The energy shocks of the early 2020s have triggered a policy revolution that is breaking with decades of free-market convention, suggesting that the global energy transition will proceed faster than historical transitions. This has now lifted the annual increase in renewable energy capacity to a level that matches the total increase in energy consumption. In other words, we are now at the peak for both CO2 emissions and fossil fuel consumption.
“This is not the beginning of the end for the transition though, or in any way cause for complacency – the dangers are abundantly clear in the new IPCC synthesis report,” says Thomas Thygesen, Head of Research, Climate & Sustainable Finance at SEB. “Nonetheless, it is a major breakthrough, keeping the possibility of a full decarbonization alive and shifting the focus to the real challenges of an accelerated transition, which will require all parts of the value chain to move together.”
Solving that problem will require sustained policy support and investments in clean energy technologies that are not yet profitable on a market basis, a significant increase in the supply of key materials, and vertical integration and coordination across supply chains, says Thomas Thygesen.
Sustainability is about more than clean energy though, and this issue of The Green Bond is launched while policymakers gather in New York for the UN 2023 Water Conference. The report contains contributions from investors, corporations, research institutes, multilateral development organizations and corporations about their actions for improving water resource management.
“Water is perhaps not prominent on investors’ radar right now, but it will be,” says Gregor Vulturius, Advisor at Climate & Sustainable Finance at SEB. “Like energy, water is crucial for sustaining human lives and a crisis is brewing. That is why this issue of The Green Bond is dedicated to the water crisis, with interesting perspectives from a range of experts.”
The report also features an update on the sustainable finance market. January and February witnessed the second-best start to a year for labelled bonds and loans on record. A total of USD 227.3 billion in new labelled bonds and loans have been transacted so far this year, driven by a strong return to the market by supranational and other public institutions. In the equity market, inflows to ESG and SRI funds have not picked up in the same way, which we see as an early sign of a shift towards impact/transition strategies that are more aligned with the challenges in the next stage in the transition.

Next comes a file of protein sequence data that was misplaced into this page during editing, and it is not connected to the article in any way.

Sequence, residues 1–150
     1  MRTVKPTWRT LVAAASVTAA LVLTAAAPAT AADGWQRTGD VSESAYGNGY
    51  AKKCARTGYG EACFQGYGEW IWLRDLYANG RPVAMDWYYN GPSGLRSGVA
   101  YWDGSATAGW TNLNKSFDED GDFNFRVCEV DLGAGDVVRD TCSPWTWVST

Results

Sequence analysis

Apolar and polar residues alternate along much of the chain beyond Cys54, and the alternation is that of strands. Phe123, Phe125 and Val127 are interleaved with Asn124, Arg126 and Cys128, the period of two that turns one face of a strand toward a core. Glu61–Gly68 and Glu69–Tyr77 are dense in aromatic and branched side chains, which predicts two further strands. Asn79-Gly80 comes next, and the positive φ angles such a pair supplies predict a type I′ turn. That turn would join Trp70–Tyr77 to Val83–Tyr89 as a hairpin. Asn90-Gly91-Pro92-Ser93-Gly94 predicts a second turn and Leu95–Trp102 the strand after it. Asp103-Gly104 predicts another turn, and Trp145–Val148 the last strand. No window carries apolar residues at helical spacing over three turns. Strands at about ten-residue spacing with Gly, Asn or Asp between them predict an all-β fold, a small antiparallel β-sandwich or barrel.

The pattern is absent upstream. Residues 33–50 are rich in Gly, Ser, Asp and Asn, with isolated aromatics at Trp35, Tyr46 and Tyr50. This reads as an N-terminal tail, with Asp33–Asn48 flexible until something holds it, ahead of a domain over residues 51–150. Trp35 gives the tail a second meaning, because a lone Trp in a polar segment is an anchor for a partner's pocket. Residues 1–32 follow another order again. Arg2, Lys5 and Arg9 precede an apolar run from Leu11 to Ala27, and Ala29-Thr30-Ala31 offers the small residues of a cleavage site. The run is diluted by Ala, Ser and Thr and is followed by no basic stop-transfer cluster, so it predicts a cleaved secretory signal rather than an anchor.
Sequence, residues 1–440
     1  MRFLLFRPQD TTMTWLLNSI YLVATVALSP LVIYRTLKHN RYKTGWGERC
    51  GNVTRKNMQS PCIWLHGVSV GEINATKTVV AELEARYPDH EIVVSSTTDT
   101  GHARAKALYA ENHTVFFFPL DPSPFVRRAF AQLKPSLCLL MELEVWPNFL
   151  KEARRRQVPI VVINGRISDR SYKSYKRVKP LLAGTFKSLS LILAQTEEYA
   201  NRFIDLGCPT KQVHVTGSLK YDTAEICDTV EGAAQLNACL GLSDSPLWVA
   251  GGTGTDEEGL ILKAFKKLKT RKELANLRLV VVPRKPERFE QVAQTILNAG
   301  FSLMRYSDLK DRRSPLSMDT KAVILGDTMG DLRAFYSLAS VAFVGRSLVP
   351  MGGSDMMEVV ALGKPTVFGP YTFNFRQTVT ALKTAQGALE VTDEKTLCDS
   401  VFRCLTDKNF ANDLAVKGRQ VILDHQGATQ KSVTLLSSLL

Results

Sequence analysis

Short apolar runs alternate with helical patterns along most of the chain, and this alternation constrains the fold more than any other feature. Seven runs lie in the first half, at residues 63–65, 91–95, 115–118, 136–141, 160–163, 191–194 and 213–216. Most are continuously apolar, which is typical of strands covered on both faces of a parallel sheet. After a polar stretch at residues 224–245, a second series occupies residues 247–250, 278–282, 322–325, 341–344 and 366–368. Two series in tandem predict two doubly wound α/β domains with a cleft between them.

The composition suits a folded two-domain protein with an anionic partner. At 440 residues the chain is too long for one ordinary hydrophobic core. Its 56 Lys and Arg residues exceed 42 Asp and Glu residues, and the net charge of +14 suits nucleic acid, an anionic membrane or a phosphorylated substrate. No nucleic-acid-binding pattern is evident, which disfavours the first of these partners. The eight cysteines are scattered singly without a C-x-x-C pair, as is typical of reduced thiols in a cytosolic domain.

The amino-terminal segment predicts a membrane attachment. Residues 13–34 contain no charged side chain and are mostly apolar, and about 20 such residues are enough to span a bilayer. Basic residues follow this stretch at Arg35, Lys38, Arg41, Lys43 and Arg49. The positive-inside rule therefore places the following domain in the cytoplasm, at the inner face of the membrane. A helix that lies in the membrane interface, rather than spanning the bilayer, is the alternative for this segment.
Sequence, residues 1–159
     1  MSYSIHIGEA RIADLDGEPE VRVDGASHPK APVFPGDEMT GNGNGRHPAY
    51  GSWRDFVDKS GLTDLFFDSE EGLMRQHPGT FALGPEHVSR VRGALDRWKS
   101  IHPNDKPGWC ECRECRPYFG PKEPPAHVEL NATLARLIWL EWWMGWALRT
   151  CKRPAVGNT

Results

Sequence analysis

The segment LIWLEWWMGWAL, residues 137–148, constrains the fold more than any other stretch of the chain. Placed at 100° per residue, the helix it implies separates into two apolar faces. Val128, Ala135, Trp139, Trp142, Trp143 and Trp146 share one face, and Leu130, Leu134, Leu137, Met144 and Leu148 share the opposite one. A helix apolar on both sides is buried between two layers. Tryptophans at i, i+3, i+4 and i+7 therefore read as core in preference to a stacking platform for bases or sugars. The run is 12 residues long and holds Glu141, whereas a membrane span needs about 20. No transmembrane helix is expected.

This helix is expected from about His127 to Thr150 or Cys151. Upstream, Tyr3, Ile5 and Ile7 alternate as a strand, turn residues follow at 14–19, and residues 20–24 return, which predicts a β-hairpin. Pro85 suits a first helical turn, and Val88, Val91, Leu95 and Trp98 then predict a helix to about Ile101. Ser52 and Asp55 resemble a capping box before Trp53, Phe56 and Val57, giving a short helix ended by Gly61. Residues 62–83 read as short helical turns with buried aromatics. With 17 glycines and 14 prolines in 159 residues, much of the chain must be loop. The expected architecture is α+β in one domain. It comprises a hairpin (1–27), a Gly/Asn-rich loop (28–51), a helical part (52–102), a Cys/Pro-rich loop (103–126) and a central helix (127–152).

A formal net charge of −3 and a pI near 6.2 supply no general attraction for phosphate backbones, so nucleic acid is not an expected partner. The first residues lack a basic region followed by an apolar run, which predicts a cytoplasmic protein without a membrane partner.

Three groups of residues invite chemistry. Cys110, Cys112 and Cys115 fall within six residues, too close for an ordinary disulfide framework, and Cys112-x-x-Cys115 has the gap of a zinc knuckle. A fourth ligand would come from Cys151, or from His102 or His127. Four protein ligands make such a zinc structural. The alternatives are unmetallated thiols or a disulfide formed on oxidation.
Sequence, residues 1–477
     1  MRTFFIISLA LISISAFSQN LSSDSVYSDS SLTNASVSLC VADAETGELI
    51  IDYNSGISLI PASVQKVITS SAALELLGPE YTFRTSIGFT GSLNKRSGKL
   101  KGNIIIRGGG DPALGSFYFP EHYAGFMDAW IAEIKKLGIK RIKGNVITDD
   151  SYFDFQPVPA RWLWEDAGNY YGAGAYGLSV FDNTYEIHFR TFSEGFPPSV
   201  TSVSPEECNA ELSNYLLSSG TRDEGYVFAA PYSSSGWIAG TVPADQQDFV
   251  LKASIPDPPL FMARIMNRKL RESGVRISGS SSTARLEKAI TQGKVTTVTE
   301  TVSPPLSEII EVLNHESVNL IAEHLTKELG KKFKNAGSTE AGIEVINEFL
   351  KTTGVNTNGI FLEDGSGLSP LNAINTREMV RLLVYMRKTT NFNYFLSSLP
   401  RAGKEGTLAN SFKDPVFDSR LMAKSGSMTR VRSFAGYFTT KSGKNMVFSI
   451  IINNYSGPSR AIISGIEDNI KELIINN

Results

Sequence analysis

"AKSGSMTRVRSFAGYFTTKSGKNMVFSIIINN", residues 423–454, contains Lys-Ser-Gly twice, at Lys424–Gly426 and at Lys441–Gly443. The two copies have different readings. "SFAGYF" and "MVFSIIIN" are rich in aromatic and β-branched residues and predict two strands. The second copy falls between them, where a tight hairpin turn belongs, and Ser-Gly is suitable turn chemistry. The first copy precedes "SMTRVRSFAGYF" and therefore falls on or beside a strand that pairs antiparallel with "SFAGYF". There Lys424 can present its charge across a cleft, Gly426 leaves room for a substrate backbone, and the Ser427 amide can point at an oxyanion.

“Despite the resurgence in sustainable financing that we have seen so far this year, meeting investment needs for water and sanitation infrastructure improvement remains a huge challenge,” says Gregor Vulturius. “Achieving SDG6 ‒ to ensure availability and sustainable management of water and sanitation for all ‒ will require investments of USD 1 trillion, or 1.21 percent of global GDP, by 2030."
About The Green Bond report
SEB, which together with the World Bank developed the green bond concept in 2007/2008, publishes the research publication The Green Bond 5-6 times a year. It strives to bring readers the latest insight into the world of sustainable finance through various themes. Even though the report covers all kinds of products and developments in the sustainable finance market, we have decided to keep its historic name – The Green Bond – as a tribute to our role as a pioneer of the green bond market. You can find The Green Bond report at sebgroup.com and here.